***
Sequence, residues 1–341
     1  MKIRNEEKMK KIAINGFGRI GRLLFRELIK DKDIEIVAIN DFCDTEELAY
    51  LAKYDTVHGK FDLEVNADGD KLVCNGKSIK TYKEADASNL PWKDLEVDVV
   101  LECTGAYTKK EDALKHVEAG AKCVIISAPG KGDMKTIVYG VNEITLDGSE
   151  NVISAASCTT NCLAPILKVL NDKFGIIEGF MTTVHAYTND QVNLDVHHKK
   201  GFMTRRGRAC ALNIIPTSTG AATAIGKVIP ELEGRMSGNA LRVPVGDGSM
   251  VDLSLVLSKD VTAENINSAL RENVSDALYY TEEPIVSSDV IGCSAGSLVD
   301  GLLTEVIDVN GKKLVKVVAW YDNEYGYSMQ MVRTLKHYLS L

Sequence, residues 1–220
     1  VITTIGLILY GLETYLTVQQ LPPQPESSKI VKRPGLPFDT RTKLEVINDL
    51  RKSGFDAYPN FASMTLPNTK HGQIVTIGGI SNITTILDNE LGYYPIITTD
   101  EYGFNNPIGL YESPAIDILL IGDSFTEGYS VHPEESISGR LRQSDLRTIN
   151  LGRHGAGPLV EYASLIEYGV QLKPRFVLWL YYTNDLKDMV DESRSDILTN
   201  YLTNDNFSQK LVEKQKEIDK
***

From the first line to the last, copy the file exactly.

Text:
Sequence, residues 1–341
     1  MKIRNEEKMK KIAINGFGRI GRLLFRELIK DKDIEIVAIN DFCDTEELAY
    51  LAKYDTVHGK FDLEVNADGD KLVCNGKSIK TYKEADASNL PWKDLEVDVV
   101  LECTGAYTKK EDALKHVEAG AKCVIISAPG KGDMKTIVYG VNEITLDGSE
   151  NVISAASCTT NCLAPILKVL NDKFGIIEGF MTTVHAYTND QVNLDVHHKK
   201  GFMTRRGRAC ALNIIPTSTG AATAIGKVIP ELEGRMSGNA LRVPVGDGSM
   251  VDLSLVLSKD VTAENINSAL RENVSDALYY TEEPIVSSDV IGCSAGSLVD
   301  GLLTEVIDVN GKKLVKVVAW YDNEYGYSMQ MVRTLKHYLS L

Sequence, residues 1–220
     1  VITTIGLILY GLETYLTVQQ LPPQPESSKI VKRPGLPFDT RTKLEVINDL
    51  RKSGFDAYPN FASMTLPNTK HGQIVTIGGI SNITTILDNE LGYYPIITTD
   101  EYGFNNPIGL YESPAIDILL IGDSFTEGYS VHPEESISGR LRQSDLRTIN
   151  LGRHGAGPLV EYASLIEYGV QLKPRFVLWL YYTNDLKDMV DESRSDILTN
   201  YLTNDNFSQK LVEKQKEIDK